Stand up for the disappeared

United Nations International Day of the Victims of Enforced Disappearances, 30 August 2017


They may come at any time – often in unmarked vans, wearing plain clothes, but sometimes openly, in uniform. The people they seize may never be seen again, and their arrest and detention may never be acknowledged. Held in secret, the “disappeared” are deprived of the protection of the law; often tortured.

Enforced disappearance is not a crime of the past. It is practiced by governments in every region, and in many countries is increasing. That's why the UN Human Rights Office has launched an initiative to double the number of ratifications of the International Convention for the Protection of all Persons from Enforced Disappearance within five years.


As of August 2017, 57 countries have ratified the Convention. Help us reach the goal of 112 ratifications by 2022!

Videos: Get inspired

Relatives of the disappeared speak up about their experiences in the hope that no one else will have to go through what they did.

Video Message of the UN High Commissioner for Human Rights

Take Action

Stand up for the disappeared and their families. Not sure what to do? Here are a few ideas to get you started:

If you are a citizen/NGO...

  • Send letters to your government representatives and politicians to explain why they must ratify the Convention. Here is a template letter that you can use: English | Spanish | French

If you are a journalist...

  • Publish stories explaining to the general public what is enforced disappearance and why ratifying the Convention is important.

If you are a teacher...

  • Include enforced disappearance into the curriculum of social, legal and historical studies of your students.

If you are a student...

  • Consider including enforced disappearance in your school projects.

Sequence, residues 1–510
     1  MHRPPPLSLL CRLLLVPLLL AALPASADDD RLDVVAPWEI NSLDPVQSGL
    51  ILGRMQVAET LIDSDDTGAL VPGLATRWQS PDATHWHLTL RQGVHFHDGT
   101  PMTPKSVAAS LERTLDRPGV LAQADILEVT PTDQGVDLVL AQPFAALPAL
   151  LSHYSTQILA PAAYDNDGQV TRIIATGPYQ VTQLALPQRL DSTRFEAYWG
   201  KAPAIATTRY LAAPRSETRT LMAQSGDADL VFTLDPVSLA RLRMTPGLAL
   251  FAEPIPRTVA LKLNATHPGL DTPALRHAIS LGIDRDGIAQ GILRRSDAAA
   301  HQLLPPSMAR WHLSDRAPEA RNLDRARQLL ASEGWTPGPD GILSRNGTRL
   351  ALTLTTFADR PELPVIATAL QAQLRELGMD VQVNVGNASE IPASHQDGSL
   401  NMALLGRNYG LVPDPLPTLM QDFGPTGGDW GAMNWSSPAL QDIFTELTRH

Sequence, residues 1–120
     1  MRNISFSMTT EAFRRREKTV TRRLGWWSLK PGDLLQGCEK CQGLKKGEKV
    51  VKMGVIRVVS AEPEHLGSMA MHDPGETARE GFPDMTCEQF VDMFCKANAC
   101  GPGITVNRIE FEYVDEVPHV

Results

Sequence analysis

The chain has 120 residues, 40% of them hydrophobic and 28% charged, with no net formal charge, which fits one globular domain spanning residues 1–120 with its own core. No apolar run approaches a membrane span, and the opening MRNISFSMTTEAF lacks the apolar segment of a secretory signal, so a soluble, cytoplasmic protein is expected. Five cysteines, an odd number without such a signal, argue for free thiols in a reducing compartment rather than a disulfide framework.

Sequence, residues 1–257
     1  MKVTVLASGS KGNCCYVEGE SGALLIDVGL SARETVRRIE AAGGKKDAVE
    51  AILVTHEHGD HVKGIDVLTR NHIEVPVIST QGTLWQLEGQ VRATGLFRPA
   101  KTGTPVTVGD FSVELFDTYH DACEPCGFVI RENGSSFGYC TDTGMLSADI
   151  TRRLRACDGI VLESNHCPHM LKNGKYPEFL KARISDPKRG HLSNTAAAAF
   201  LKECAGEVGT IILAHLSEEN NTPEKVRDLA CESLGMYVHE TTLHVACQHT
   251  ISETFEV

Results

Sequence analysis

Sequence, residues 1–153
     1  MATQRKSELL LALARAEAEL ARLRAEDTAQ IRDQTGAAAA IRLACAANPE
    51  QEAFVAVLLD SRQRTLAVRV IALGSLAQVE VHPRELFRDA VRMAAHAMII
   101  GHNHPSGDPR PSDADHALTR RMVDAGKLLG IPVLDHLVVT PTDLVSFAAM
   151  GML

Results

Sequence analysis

If you are a relative of a disappeared...

  • Speak up about your experience so that no one else will go through what you did.

Join the conversation

Learn more

What is the International Convention for the Protection of All Persons from Enforced Disappearances and how does it protect people?

The International Convention for the Protection of All Persons from Enforced Disappearance was adopted by General Assembly resolution A/RES/61/177 in December 2006 and came into force in December 2010. Countries that ratify the Convention agree to be legally bound by it and are called State Parties.

In short, the Convention:

  • Provides that no one shall be subject to enforced disappearance without exception, even in time of war or other public emergency
  • Obliges States parties to criminalize enforced disappearance and make it a punishable offence
  • Provides that enforced disappearance constitutes a crime against humanity when practiced in a widespread or systematic manner
  • Prohibits secret detention
  • Obliges State Parties to guarantee minimum legal standards around the deprivation of liberty, such as maintaining official registers of persons deprived of liberty with minimum of information and authorizing them to communicate with their family, counsel, or any other person of their choice.

Who oversees the Convention? How are States that have ratified the Convention held accountable?

A committee of 10 international independent experts, from all regions of the world, monitors the implementation of the Convention.

They follow-up with States who have ratified the Convention, through reports from States and visits, making comments and recommendations as necessary. They also receive and respond to complaints from victims of enforced disappearances, as well as complaints from States who claim other States are not living up to their obligations under the Convention.

The Committee meets twice a year in Geneva, Switzerland.

Visit the Committee's website to learn more about their work and to read the full text of the Convention.

  • Je respecterai vos droits, qui que vous soyez. Je défendrai vos droits même si je suis en désaccord avec vous.
  • Quand les droits d’une personne sont bafoués, ce sont les droits de tous qui sont compromis. C’est pourquoi je vais agir.
  • Je me ferai entendre. Je me mobiliserai. Avec mes droits, je défendrai les vôtres.

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